Nano-Vaccines: 3D Printing Small to Fight Large-Scale Epidemics
Vaccines are a controversial topic today, but there is no doubt they have had a major impact on society by eradicating major diseases in the past. Scientists are continuing to research ways to make vaccines more effective.
North Carolina-based Liquidia Technologies is innovating on the manufacturing of vaccines. By utilizing 3D printing and nano-technology, Liquidia believes they can mass-produce more effective vaccines at a lower cost.
Applying nanoparticle fabrication techniques to vaccine production could dramatically cut their cost per dose. Joseph DeSimone and his spin out Liquidia, presented their nano-production process for vaccines at the American Chemical Society annual meeting in San Diego, US, and hope that their work will improve immunisation rates in the developing world.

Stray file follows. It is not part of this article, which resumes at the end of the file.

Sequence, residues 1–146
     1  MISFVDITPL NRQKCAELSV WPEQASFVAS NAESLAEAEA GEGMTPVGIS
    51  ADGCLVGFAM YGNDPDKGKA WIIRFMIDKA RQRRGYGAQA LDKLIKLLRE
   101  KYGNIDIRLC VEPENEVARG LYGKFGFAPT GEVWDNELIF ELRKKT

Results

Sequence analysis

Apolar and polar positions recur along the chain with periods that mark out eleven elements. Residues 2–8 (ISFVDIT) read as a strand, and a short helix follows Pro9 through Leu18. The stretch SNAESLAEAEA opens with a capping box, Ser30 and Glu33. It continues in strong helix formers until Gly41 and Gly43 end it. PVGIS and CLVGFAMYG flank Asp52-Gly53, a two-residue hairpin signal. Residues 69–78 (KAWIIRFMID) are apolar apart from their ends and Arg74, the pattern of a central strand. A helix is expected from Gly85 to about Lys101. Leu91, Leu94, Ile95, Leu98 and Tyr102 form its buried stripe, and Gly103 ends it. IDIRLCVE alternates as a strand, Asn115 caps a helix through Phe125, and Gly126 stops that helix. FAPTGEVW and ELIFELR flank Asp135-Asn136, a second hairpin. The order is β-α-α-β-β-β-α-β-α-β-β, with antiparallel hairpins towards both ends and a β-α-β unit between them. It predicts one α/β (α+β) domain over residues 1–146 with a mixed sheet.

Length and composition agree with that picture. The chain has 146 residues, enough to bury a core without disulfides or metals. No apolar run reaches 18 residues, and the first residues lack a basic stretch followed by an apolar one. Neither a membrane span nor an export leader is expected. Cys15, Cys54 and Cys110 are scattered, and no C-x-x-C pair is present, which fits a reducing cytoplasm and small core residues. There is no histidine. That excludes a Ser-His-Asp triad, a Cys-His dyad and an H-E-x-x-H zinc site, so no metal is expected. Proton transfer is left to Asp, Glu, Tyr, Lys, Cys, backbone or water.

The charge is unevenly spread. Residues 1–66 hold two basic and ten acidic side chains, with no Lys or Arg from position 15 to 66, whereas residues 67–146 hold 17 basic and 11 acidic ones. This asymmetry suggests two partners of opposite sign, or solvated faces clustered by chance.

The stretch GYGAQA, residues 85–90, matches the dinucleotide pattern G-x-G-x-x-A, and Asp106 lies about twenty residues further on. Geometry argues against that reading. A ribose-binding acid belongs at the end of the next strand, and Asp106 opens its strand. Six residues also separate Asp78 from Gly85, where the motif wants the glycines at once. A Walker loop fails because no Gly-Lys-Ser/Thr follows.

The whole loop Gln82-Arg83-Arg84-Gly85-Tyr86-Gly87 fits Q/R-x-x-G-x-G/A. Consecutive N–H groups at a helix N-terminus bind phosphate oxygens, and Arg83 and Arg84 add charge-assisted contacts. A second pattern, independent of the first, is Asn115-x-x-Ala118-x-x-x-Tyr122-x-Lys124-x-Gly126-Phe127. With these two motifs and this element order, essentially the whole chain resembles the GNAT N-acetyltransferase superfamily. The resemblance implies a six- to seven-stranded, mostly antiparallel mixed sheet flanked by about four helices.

DeSimone has done a lot of work on the mass production of nanoparticles using nanolithography – materials are moulded and then transferred to films in a streamlined, reel to reel, process. ‘We say we’re harnessing the power of the precision and uniformity of the microelectronics industry for making vaccines and medicines,’ he explains. And because this is a dry moulding technology, with no concerns about partitioning, DeSimone adds, ‘you can access compositions you couldn’t access before’.
‘We say we’re harnessing the power of the precision and uniformity of the microelectronics industry for making vaccines and medicines,’ DiSimone explains.
Liquidia now has one vaccine in Phase I clinical trials and several others in development.
The video below provides an overview of Liquidia’s PRINT platform.
Vaccines research lab photo by Novartis AG used under Creative Commons License.